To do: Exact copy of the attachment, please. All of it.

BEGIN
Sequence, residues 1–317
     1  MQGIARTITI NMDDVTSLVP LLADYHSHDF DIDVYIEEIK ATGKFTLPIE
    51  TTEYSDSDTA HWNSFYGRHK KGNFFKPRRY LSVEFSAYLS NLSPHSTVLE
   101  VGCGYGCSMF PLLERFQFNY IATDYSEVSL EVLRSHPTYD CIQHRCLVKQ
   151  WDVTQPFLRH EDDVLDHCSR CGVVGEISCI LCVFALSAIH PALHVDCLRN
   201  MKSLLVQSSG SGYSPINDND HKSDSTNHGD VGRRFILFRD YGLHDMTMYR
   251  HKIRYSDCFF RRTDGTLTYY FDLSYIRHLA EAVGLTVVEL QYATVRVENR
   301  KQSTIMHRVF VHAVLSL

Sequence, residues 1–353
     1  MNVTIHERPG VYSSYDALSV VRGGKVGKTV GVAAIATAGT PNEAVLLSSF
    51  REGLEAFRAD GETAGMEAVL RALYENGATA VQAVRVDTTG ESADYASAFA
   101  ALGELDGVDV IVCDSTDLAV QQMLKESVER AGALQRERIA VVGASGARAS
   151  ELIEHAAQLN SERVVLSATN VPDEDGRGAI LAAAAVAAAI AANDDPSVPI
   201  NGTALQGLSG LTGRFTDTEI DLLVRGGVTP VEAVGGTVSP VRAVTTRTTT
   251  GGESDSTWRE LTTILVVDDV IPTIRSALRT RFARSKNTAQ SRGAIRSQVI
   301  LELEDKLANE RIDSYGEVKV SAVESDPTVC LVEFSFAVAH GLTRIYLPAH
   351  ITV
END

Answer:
Sequence, residues 1–317
     1  MQGIARTITI NMDDVTSLVP LLADYHSHDF DIDVYIEEIK ATGKFTLPIE
    51  TTEYSDSDTA HWNSFYGRHK KGNFFKPRRY LSVEFSAYLS NLSPHSTVLE
   101  VGCGYGCSMF PLLERFQFNY IATDYSEVSL EVLRSHPTYD CIQHRCLVKQ
   151  WDVTQPFLRH EDDVLDHCSR CGVVGEISCI LCVFALSAIH PALHVDCLRN
   201  MKSLLVQSSG SGYSPINDND HKSDSTNHGD VGRRFILFRD YGLHDMTMYR
   251  HKIRYSDCFF RRTDGTLTYY FDLSYIRHLA EAVGLTVVEL QYATVRVENR
   301  KQSTIMHRVF VHAVLSL

Sequence, residues 1–353
     1  MNVTIHERPG VYSSYDALSV VRGGKVGKTV GVAAIATAGT PNEAVLLSSF
    51  REGLEAFRAD GETAGMEAVL RALYENGATA VQAVRVDTTG ESADYASAFA
   101  ALGELDGVDV IVCDSTDLAV QQMLKESVER AGALQRERIA VVGASGARAS
   151  ELIEHAAQLN SERVVLSATN VPDEDGRGAI LAAAAVAAAI AANDDPSVPI
   201  NGTALQGLSG LTGRFTDTEI DLLVRGGVTP VEAVGGTVSP VRAVTTRTTT
   251  GGESDSTWRE LTTILVVDDV IPTIRSALRT RFARSKNTAQ SRGAIRSQVI
   301  LELEDKLANE RIDSYGEVKV SAVESDPTVC LVEFSFAVAH GLTRIYLPAH
   351  ITV